A sugar glider takes a big leap! It glides to a high shelf across the room. This critter can glide up to 165 feet! Sugar gliders may be cute, but they need a lot of care. This fun text teaches readers how to keep pet sugar gliders healthy, including how to feed, house, and play with them. A profile, a supply list, and a care duties checklist offer even more sugar glider care tips!
Leopards are ferocious fighters that hunt for a living. But could they take on a powerful 450-pound gorilla? This high-interest text weighs the advantages of these fierce beasts and examines their attack moves. Charts and profiles compare the animals in speed, strength, and size, while a narrative outlines a fight between the two animals. Which of these fighters will be crowned king of the jungle?
Deep in the Rocky Mountains, grizzlies and wolves constantly compete for food. This high-interest title examines the claws, teeth, and super senses that keep these apex predators at the top of the food chain. Readers will also witness a battle for food in an action-packed narrative scene. Who will take home the prize this time?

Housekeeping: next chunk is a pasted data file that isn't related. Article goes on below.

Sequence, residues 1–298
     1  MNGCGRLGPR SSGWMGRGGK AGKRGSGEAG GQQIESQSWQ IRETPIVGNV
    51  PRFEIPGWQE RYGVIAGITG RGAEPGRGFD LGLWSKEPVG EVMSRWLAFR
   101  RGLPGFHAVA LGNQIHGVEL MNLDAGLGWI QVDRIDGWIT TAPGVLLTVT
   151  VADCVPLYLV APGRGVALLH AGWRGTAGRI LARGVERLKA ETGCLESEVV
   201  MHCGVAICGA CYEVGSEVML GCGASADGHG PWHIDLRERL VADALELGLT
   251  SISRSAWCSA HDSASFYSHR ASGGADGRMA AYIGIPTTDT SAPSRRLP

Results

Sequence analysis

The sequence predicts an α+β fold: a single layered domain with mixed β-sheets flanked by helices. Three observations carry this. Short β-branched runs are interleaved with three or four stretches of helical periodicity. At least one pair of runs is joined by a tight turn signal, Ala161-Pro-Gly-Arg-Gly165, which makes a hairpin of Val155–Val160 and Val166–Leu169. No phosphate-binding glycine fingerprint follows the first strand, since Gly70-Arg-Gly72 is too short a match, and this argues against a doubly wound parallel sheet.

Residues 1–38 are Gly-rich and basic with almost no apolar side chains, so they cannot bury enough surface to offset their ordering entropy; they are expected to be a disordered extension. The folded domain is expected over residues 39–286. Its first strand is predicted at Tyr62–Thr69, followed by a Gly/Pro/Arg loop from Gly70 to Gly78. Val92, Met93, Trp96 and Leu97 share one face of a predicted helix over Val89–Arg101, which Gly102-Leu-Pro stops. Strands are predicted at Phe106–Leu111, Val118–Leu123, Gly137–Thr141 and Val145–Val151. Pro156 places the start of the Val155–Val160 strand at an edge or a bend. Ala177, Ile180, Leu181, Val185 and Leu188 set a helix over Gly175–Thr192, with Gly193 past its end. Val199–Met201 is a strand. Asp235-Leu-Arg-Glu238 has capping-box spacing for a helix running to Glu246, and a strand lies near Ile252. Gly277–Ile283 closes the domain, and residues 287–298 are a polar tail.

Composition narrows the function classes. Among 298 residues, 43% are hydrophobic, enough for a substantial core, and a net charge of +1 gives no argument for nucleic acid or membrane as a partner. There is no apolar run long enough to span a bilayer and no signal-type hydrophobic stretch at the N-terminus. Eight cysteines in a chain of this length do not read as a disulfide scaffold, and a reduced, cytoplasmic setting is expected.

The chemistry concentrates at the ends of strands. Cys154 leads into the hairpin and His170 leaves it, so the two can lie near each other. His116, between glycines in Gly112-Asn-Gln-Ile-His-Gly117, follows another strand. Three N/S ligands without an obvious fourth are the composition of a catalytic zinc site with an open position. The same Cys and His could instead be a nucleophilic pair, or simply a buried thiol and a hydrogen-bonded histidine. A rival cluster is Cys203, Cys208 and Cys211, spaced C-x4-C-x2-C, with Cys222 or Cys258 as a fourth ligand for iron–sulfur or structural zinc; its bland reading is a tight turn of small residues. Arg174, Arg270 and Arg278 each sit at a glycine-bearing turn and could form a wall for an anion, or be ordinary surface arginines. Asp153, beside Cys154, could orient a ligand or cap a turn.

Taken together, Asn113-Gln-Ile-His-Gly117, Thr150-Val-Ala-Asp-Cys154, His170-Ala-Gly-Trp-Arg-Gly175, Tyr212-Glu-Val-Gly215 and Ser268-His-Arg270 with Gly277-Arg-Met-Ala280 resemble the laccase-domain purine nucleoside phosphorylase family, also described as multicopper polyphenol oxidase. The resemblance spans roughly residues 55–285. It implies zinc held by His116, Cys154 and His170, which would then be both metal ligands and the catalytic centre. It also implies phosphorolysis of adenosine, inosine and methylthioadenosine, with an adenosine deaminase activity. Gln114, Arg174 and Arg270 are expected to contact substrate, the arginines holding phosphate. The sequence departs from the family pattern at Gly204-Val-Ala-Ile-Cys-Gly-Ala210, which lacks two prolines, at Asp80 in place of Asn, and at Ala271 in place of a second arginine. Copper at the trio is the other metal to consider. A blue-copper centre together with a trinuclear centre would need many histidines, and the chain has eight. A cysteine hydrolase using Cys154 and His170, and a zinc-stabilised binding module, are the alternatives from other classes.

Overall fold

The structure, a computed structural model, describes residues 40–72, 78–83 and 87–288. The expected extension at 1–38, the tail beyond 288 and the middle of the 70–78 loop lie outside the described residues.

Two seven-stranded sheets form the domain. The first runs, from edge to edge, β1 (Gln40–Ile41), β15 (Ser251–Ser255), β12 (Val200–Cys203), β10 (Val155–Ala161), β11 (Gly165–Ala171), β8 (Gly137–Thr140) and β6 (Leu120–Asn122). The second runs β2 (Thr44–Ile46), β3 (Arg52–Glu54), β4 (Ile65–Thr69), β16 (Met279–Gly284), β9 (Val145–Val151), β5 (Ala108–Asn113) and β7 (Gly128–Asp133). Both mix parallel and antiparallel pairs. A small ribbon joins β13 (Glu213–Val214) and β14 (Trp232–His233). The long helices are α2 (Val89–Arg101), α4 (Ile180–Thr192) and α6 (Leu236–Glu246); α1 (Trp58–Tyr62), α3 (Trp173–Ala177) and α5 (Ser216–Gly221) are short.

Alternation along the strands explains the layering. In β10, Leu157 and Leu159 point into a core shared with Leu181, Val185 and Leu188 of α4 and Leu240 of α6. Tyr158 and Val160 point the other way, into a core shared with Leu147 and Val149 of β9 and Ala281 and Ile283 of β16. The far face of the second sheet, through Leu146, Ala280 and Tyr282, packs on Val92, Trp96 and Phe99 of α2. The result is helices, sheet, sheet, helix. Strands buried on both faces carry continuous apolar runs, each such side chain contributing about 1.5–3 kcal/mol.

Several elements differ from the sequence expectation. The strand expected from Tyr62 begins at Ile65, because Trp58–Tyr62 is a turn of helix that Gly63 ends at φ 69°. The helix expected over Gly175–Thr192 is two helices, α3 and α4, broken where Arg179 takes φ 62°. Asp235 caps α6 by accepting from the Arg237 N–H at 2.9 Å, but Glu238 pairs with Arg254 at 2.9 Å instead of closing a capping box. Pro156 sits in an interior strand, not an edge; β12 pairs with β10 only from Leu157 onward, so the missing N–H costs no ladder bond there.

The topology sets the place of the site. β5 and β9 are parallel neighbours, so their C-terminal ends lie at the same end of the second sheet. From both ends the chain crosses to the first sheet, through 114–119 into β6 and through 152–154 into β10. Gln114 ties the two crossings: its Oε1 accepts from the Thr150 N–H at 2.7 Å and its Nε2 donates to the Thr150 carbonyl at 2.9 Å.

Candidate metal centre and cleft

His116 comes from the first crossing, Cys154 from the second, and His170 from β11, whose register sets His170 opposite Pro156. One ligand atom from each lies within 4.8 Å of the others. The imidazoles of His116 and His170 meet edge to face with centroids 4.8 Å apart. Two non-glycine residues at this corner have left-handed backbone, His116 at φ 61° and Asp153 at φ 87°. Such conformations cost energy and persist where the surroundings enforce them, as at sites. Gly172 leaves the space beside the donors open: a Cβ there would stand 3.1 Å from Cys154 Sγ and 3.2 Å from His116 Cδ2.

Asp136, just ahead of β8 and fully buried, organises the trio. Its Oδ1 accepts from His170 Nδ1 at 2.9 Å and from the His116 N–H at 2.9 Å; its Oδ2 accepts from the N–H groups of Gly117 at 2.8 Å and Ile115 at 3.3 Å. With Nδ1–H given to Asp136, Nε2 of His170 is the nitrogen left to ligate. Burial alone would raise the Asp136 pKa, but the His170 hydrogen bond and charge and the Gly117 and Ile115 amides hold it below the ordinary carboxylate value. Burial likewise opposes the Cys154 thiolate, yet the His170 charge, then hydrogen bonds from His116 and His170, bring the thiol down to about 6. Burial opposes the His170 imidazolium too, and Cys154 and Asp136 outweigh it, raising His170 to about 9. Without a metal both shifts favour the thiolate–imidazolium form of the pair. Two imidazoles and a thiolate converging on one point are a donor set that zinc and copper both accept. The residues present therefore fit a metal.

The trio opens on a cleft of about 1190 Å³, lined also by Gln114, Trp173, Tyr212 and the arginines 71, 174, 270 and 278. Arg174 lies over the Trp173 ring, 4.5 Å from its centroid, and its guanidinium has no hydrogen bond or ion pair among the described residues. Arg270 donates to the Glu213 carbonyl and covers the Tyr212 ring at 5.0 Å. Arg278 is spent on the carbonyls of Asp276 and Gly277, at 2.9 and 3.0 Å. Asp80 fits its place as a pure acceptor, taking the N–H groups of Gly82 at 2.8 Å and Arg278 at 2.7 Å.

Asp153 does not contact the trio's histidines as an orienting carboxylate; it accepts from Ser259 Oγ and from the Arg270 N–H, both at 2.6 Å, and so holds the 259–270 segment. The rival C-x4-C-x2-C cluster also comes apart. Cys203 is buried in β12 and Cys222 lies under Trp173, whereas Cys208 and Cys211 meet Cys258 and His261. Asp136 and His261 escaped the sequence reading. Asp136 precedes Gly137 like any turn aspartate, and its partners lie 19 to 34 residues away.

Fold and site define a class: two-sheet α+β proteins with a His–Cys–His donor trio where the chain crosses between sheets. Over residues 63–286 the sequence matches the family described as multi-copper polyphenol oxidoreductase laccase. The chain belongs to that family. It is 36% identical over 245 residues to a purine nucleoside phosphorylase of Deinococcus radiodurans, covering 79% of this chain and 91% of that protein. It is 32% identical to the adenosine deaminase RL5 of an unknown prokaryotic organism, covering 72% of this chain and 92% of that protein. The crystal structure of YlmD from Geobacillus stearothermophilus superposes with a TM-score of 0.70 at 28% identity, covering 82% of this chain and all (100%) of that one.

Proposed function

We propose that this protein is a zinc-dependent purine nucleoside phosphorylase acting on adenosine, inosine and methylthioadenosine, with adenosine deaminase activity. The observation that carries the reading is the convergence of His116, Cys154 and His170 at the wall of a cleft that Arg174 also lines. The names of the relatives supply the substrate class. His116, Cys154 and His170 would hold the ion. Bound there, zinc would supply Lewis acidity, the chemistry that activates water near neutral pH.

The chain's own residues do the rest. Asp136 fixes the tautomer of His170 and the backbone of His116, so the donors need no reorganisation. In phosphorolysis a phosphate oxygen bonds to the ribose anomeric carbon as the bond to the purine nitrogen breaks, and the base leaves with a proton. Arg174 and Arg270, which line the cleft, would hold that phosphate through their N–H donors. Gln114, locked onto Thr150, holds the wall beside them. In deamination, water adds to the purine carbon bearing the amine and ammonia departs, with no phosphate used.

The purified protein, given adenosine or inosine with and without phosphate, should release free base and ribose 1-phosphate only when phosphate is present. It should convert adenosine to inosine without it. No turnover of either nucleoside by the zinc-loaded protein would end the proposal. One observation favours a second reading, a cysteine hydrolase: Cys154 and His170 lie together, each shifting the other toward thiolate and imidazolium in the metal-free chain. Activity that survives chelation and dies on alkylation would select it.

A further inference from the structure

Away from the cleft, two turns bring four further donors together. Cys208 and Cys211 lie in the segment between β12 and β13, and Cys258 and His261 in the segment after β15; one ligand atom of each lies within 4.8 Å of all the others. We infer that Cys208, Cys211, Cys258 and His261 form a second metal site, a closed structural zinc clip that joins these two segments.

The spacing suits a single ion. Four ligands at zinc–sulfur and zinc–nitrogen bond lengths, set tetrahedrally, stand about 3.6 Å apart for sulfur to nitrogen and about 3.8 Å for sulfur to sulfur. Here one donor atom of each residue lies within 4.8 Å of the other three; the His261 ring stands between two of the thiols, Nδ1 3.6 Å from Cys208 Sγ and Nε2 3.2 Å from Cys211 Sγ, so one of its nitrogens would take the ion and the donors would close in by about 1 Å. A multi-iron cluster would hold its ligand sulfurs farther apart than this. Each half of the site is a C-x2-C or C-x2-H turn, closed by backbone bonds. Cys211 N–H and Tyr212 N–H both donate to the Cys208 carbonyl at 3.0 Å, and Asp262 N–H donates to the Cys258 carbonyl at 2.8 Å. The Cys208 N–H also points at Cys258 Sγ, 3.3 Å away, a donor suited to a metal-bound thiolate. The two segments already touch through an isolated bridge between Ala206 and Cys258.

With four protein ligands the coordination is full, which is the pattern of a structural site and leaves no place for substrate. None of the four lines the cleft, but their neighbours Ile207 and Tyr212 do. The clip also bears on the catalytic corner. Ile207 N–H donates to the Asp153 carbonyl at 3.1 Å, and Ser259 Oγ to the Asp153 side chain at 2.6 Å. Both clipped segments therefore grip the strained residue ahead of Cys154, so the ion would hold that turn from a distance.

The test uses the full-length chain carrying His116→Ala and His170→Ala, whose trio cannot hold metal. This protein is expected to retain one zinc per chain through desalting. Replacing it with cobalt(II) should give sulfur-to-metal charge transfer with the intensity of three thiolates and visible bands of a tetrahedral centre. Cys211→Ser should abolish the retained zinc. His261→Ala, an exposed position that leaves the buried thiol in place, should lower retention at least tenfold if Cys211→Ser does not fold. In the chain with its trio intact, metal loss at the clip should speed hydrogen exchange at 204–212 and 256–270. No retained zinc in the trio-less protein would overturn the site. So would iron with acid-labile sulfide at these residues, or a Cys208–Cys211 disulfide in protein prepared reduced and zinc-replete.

Jaguars prowl through the rain forest while anacondas lurk in the waters of the famed Amazon River. Both of these animals are feared by animals and humans alike, but do they fear one another? In this high-interest title, readers will learn why weapons like sharp teeth and spotted bodies make both of these animals formidable fighters. Features such as profiles, comparison graphics, and a final fight narrative make high-intensity read hard to put down!
Is there mounting evidence from eyewitness stories and grainy photographs proving the existence of monsters like Bigfoot or Yeti, or do people see what they want to see?
Bears hunt and kill people. Sharks seek out human blood. Are these facts or false claims? While it's true that wild animals can kill, harming people may not be their true nature. The fact is, we all must live together. Learn just what makes these animals deadly and the part people play in their behaviors. It could save your life.